How to Beat the Giants' Defense
The Giants struggle with the two-minute drill. In fact, the only time the Eagles moved the ball against them in their playoff game was in two-minute situations. In those situations the Giants rely more on their base defense because it's harder to communicate blitzes from the sidelines and change fronts. Plus, their two-minute routine is so predictable you can almost script what they're going to do. They're going to run the same three calls at the start of the series. If you cross midfield, they're going to blitz once and then go back to the top of the script. It's pretty easy to get a rhythm going against them.
Account For Strahan And Barrow
The keys for them lately have been Michael Strahan (page 46) and Micheal Barrow. Strahan will play straight-up in the run game, but you need power to get him blocked. He'll dart inside, loop outside, and then he'll bull-rush the tackle. When he does all that, he'll get a lineman guessing, like the Vikings' Korey Stringer was, and by then the guy is really confused. I could see [right tackle] Harry Swayne having a tough time with Strahan. The Giants will also bring Barrow off the edge against a right tackle; that can also be tough for a lineman, because Barrow has good speed.
Wither it's handling the blitz or a coverage, [defensive coordinator] John Fox will keep calling defenses to exploit your weaknesses until you find a way to handle them. Defensively, the Giants aren't as fast or as talented as the Ravens, but they make up for it with their schemes. They'll also get mismatches inside because [tackle] Keith Hamilton is playing well and Baltimore's interior linemen aren't very good.
Work on Number 91
Their linebackers are really good, but Ryan Phillips is the one guy you might have an advantage against. It seems that every time I've seen them play, the coaches are yelling at him about one thing or another. He's the kind of guy who's solid with good players around him, but it seems as if whenever he makes a play it's because he happens to be in the right place, not because of anything special he did.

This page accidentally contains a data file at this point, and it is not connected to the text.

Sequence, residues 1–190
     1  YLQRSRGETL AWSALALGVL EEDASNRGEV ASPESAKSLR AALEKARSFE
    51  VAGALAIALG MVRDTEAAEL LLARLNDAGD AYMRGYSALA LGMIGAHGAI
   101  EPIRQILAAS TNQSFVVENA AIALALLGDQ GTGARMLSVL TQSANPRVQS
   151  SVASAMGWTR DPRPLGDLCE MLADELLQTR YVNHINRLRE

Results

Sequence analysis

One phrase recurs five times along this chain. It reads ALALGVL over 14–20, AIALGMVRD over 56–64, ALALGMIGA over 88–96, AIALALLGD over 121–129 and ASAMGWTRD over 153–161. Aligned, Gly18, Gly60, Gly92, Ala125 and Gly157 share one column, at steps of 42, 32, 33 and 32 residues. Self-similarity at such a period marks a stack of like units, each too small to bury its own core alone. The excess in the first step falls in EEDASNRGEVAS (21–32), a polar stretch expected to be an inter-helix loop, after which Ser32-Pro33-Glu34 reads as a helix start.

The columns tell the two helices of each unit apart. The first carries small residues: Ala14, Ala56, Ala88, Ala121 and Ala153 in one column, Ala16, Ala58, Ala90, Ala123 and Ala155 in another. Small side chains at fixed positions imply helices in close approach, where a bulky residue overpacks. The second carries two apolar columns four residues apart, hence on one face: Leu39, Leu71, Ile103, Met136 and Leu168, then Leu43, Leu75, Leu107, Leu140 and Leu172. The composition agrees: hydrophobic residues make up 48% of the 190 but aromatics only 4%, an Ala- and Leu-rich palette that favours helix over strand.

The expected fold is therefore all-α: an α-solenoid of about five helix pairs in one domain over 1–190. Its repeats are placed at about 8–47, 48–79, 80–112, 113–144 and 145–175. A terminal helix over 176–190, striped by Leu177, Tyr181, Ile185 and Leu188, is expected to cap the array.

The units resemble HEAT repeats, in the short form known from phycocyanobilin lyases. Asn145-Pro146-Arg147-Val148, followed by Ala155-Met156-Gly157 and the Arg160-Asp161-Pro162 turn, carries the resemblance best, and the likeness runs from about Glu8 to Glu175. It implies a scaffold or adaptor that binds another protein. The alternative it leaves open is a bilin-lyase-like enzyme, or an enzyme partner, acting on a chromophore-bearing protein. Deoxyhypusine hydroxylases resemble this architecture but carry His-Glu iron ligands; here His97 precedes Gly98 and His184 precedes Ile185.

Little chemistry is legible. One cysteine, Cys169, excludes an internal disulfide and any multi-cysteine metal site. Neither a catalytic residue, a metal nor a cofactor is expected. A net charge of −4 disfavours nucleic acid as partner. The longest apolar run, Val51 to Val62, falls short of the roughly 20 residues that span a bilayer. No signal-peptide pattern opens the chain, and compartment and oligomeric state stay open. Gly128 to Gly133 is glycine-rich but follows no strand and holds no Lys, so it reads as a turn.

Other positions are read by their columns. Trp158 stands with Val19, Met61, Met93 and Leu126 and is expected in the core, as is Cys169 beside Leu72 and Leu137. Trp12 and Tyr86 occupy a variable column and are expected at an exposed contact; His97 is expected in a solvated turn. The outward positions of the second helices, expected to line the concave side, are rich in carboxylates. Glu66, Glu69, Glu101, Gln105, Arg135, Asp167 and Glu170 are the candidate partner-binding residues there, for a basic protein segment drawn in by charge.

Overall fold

Go After the Secondary
Their safeties are good—they play like linebackers—but their cornerbacks play like safeties. Everyone in the secondary tackles well, but you can run by both their corners. Jason Sehorn is a great athlete, but Dave Thomas is one of those guys who opponents will always go after. He doesn't give up many big plays, though, because he has long arms that make it easy to jam receivers, and they roll coverage to his side a lot. I always thought nickelback Emmanuel McDaniel was a question mark. He's too small [5' 9"] to play slot receivers on passing downs, but he did make a hell of an interception against Cris Carter in the NFC Championship Game.
Use Wideout Jermaine Lewis
He could be the X-factor. He can run trick plays, and Baltimore sometimes does a lot of things to get the ball in his hands. Qadry Ismail doesn't have great hands, and he's inconsistent. Patrick Johnson isn't anything special. Lewis has the speed to cause problems for the Giants' secondary, but he's small [5' 7"]. Against big corners like Sehorn and Thomas, he may not get off the line of scrimmage.
How to Beat the Ravens' Defense
Confuse The Man in The Middle
You have to block Ray Lewis, which isn't easy, or he will make every tackle. The best way to go at him is to run misdirection, because if he can go sideline-to-sideline without worrying about getting fooled, he's going to have a big game. The other way to go at him is with a fullback to make sure he's accounted for. Otherwise, [tackle] Tony Siragusa (page 50) will hold linemen inside—I mean literally tackle people—so nobody can get to Lewis. Maybe if you double-team [tackle] Sam Adams and Siragusa and lead with a fullback, you can run a guy through the middle.
You have to beat their cornerbacks with speed. Chris McAlister, in particular, can't handle it, and the Giants have to set him up. He likes to cheat on quick routes like the slant, and I could see the Giants running a lot of slant-and-gos, especially to Amani Toomer, because the slant is their bread-and-butter route. McAlister watches the quarterback more than the receiver, so if New York wants to throw a slant-and-go, Kerry Collins will have to sell the play as much as the receiver. But I don't know if the Giants have a burner who can really get deep.